Hmmm, never thought about that, did you? In reality, your home or business could be crawling with bed bugs and you might not even know! They’re so tiny you wouldn’t even notice them unless you were looking for them.

On that lovely thought, let’s find out how to tell if you have bed bugs and how to keep them away from your stuff!

What Do Bed Bugs Look Like?

Bed bugs are tiny critters about 0.2 inches long once they reach adulthood. Adult bed bugs have brown, flat, oval-shaped bodies if they haven’t fed recently. Once they’ve fed, their bodies balloon out and turn more reddish brown. They have tiny wings, but don’t fly.

Baby bed bugs are much smaller and yellowish-white or almost translucent in color. If they haven’t been fed recently, they are nearly impossible to see with the naked eye. The pearl-white bed bug eggs are even tinier — about the size of a speck of dust.

Where Do Bed Bugs Come From?

Bed bugs don’t get cozy and make nests like bees or ants, but they do like to live in groups. Their homes are more like hiding places. They can lay in wait in the right conditions for their next meal to come for between 20 and 400 days!

Their flat little bodies make it easy for them to slide into nearly any space. They often enter homes or businesses because people bring them in luggage, used furniture, or even clothing.

Their preferred hiding spots are in the bedroom. Anywhere in the mattress, box spring, bed frame, or headboard will do. After all, their hosts come and conveniently lie still for several hours each night — plenty of time for them to get their fill of your blood!

How to Prevent Bed Bugs

Clean spaces do not equal bed bug free. We naturally assume that a dirty space would be more likely to have bed bugs. However, this isn’t always true.

Bed bugs aren’t like cockroaches, digging around in garbage or other unclean places looking for morsels to feed on. They only need blood to survive, which means they can live in any place where a blood meal is available.

Owners of hotels, retail stores, transportation services, or any business where people frequently bring luggage, clothing, etc must always be vigilant about bed bugs. Any one of their guests or customers could unknowingly bring bed bugs into their space. To prevent bed bugs, teach your staff how to perform regular bed bug checks. At home check your bed and surrounding area during and after travel.

With the rate that bed bugs multiply and their resilience, there can quickly be more of them than you can shake a stick at in what appears to be an immaculate space.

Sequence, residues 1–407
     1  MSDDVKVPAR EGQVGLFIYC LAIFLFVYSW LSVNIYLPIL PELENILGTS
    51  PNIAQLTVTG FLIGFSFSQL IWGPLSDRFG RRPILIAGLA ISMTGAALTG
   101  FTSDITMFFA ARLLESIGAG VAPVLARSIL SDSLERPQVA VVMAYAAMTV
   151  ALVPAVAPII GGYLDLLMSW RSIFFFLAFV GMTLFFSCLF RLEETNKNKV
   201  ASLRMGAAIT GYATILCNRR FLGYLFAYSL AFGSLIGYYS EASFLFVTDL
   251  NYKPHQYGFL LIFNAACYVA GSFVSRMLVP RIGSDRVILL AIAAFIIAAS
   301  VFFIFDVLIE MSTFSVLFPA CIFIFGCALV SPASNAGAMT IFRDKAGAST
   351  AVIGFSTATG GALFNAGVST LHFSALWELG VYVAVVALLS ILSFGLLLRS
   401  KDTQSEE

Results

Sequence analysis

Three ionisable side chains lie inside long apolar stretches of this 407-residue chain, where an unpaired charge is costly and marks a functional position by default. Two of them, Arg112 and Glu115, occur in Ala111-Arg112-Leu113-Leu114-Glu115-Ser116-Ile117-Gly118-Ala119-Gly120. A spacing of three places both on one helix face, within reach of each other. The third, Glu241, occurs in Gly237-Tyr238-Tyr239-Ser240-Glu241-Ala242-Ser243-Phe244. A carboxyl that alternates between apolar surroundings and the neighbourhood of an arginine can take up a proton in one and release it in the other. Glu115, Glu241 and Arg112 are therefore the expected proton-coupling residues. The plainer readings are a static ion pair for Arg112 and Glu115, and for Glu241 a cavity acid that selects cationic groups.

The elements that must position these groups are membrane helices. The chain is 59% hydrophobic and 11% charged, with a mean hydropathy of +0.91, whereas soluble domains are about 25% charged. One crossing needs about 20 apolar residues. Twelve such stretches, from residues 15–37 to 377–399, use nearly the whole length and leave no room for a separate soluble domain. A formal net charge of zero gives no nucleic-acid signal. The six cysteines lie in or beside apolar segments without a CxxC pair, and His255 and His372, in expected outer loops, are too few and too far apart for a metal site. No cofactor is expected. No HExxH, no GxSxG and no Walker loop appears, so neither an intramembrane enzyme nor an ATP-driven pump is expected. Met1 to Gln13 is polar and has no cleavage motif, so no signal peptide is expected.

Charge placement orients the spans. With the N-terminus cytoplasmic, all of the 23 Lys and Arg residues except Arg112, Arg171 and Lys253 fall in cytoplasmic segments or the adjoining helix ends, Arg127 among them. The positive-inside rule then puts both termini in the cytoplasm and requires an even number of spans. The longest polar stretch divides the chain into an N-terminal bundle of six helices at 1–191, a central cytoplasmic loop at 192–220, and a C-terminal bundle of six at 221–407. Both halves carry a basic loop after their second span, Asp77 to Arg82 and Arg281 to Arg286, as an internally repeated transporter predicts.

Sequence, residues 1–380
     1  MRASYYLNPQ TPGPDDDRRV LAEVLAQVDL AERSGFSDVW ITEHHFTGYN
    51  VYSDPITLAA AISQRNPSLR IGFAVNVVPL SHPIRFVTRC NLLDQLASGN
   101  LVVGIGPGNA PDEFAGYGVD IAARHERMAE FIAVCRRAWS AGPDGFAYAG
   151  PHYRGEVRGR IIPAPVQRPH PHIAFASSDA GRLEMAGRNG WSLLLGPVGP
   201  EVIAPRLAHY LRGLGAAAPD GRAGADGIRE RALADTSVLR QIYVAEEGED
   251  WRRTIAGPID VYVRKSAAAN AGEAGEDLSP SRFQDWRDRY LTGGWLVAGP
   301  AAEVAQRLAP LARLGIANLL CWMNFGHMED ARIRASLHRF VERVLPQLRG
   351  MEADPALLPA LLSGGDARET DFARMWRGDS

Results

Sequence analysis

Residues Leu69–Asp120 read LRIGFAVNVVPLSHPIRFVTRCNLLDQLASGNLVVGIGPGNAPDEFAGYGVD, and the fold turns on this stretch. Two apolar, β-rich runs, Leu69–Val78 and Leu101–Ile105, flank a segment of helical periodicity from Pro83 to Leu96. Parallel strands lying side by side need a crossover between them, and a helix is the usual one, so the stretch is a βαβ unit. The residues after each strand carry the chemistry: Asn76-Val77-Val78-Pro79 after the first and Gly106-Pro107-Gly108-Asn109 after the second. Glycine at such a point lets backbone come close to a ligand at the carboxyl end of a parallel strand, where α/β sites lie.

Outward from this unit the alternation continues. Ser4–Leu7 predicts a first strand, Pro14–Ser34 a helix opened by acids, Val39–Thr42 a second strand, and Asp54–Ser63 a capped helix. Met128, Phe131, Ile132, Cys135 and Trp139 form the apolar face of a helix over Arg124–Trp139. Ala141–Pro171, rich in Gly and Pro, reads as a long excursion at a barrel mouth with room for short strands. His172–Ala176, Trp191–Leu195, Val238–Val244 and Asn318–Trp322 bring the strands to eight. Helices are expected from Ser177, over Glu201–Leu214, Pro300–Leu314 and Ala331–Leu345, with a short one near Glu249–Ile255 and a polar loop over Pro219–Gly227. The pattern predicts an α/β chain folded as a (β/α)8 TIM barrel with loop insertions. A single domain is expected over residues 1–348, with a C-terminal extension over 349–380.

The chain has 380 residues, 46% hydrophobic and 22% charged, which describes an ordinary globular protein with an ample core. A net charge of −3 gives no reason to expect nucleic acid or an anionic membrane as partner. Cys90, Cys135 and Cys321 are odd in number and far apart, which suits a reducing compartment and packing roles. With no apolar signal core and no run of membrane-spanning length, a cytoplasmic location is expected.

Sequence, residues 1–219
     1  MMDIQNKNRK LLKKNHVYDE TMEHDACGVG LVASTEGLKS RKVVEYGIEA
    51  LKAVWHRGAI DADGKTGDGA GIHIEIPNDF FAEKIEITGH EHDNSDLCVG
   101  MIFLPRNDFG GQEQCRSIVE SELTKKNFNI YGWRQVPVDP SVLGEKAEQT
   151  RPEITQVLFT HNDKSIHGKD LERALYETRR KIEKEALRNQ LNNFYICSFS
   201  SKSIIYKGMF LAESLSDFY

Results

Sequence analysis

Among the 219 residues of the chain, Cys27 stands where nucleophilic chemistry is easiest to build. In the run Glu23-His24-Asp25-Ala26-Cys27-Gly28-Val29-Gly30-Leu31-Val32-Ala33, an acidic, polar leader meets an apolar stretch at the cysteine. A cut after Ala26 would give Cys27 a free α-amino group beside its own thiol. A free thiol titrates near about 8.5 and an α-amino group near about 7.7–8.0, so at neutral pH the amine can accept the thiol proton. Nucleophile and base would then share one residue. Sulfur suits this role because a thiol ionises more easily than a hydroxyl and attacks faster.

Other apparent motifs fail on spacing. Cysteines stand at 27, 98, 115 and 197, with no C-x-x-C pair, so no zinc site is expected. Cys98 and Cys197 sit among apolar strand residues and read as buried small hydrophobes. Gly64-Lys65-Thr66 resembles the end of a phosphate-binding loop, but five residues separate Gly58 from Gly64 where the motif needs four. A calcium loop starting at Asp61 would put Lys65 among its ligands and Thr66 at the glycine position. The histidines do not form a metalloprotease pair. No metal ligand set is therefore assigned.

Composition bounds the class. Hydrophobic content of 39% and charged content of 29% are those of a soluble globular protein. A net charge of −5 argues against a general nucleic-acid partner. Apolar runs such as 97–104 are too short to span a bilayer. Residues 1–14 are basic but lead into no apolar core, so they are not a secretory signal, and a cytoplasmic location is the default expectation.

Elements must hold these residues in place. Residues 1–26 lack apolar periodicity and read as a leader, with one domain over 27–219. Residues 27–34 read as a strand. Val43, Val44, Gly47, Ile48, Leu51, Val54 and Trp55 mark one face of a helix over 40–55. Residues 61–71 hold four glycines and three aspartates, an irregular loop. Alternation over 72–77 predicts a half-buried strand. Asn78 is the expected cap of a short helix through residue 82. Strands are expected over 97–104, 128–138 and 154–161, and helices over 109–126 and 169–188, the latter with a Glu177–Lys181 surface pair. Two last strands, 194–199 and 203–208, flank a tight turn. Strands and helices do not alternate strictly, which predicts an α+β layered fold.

How to Check for Bed Bugs

Thus, you always need to be on the lookout for bed bugs. Luckily, they are relatively simple to spot if you are paying attention.

Inspect mattresses and bed frames frequently. Bed bugs are more active at night, but you still might see them skittering around if you disturb them by poking at the mattress.

Bed bugs molt their exoskeletons several times throughout their life. Even if you don’t see live bed bugs, you can spot these translucent or light-colored exoskeletons they leave lying around.

Another visible sign is the delightful sight of their fecal stains. These are tiny brown or red mounds, usually most easily visible on white or light-colored bed sheets.

Bed bugs generally bite at night while the host is sleeping. If guests are waking up with new “mosquito” bites, it’s time to take a closer look at the mattress and room where they were staying.

There are also active monitoring systems you can install. These use carbon dioxide to attract bed bugs to the device — making it easy to identify the problem. Some monitors even include insecticides or traps that will help get rid of bed bugs.

How to Get Rid of Bed Bugs

Bed bugs are quite resilient but can’t survive at extreme temperatures. Wash all bedding and clothing in the hottest water possible and put anything that can handle it in the dryer on the hottest setting for an hour.

Clean the space thoroughly by vacuuming the floors, mattress, everything. Use a steam cleaner that reaches over 115 degrees Fahrenheit for best results.

Cold also works to kill bed bugs. Seal items in plastic bags and put them in the freeze at 0 degrees Fahrenheit for at least four days.

A Helping Hand with Texas Bed Bugs

Bed bugs are difficult to get rid of and starving them out is nearly impossible because they can live so long without feeding. If you’re dealing with a bed bug infestation, call in the professionals at Buckaroo Pest Protection to help.

We will corral up all those nasty critters and give them the boot! Plus, regularly treating a space for bed bugs will help prevent a new infestation from getting started.

Contact us today to learn more about protecting your business from unwelcome guests!